Top tips for making your Call for Code submission stand out
What you need to know before submitting your entry
You and your team have answered the Call for Code, and you’re almost ready to submit your solution. With the deadline for the 2022 Call for Code Global Challenge rapidly approaching (it’s Tuesday, October 31 at 11:59 pm PDT), the Call for Code team has a few last-minute tips and a checklist for you to review before you submit your entry.
Watch the replay of our October 20, 2022 webinar session covering our top tips, submission advice, and more!
Tip No. 1: Clearly map your solution to a real problem
Remember, the central goal of this year’s Call for Code Global Challenge is to find high-quality, sustainable solutions to help address issues within the topic of sustainability. Make sure your entry describes the real world problem that your application solves in line with the theme of this year’s competition. Judges will consider your solution’s effectiveness at addressing a high-priority sustainability area, so make it very clear what that problem is, why your technological solution is an effective and appropriate remedy, and, of course, please ensure that it doesn’t end up adding to the problem!
Tip No. 2: Make it clear how your solution is unique
You have limited time to make your submission stand out, so think about what makes it distinctive. As part of the judging criteria, your submission will be scored based on your creativity and innovation in creating a unique approach to solving a climate change problem. Assume that other teams are working on a similar solution to fit within the competition focus areas. Be clear on how you differentiate your work from others.
One way to do this is to be very specific. Don’t pitch your work as something all-encompassing and generic, like “A Platform for Clean Energy” Instead, focus on how well you are solving the specific problem that you identified in a complete, creative, effective, and usable manner.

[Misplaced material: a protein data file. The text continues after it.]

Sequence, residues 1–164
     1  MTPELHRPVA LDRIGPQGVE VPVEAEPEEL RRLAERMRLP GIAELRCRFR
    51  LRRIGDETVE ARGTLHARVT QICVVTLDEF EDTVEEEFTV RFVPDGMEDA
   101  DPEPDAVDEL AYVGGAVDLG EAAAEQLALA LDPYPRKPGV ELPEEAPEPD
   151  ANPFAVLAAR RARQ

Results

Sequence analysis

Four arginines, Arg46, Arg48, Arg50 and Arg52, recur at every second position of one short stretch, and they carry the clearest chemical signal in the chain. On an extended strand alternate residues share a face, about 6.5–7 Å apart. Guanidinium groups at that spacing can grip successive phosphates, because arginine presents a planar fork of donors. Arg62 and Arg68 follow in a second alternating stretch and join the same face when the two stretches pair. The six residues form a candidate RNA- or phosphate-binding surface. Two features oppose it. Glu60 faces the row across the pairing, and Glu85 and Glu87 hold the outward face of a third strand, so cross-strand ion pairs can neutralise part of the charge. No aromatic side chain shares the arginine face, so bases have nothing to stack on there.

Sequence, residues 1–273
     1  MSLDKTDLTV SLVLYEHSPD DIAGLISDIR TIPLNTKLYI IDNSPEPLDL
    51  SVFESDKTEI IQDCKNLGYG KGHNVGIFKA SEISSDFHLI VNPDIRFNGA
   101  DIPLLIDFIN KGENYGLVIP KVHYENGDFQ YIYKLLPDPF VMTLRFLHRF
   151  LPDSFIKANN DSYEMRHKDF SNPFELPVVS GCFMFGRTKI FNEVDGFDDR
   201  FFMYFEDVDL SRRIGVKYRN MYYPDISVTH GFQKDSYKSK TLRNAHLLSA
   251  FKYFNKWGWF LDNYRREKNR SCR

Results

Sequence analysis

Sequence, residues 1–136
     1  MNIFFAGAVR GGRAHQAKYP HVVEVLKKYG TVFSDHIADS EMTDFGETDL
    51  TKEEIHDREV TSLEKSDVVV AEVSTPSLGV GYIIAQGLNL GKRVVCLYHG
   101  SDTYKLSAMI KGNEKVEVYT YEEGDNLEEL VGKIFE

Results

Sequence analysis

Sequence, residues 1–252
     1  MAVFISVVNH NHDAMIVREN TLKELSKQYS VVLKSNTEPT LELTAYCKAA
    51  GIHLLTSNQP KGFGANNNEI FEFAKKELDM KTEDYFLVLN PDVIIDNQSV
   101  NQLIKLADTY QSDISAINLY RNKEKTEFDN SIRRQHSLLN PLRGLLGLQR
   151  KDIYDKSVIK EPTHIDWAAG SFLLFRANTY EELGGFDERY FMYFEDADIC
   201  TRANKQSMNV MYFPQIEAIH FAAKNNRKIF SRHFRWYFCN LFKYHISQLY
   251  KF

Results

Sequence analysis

Tip No. 3: Create an engaging 3-minute video pitch
The most powerful way to get your idea across quickly and make an impression on the different types of judges — the technical judges, the subject matter expert judges, the eminent judges — is to submit a compelling video. Invest time in putting together your 3-minute video so that it tells the story of your submission.
Here is a recommended format for the elements that you should include in a great video submission:
- 45 seconds: What is the problem that you are trying to solve? How have you solved it?
- 90 seconds: Show a demo of your working code and the user flow.
- 45 seconds: Provide a vision for where you would like to go with the project or how your solution can make an impact if it is deployed.
Examples of great videos from past submissions:
Leave the deep-dive information and full implementation details in your longer solution description, source code repository, and solution roadmap, but use the video to summarize your project in a way that all audiences can understand.
Tip No. 4: Thoroughly document your solution and code repository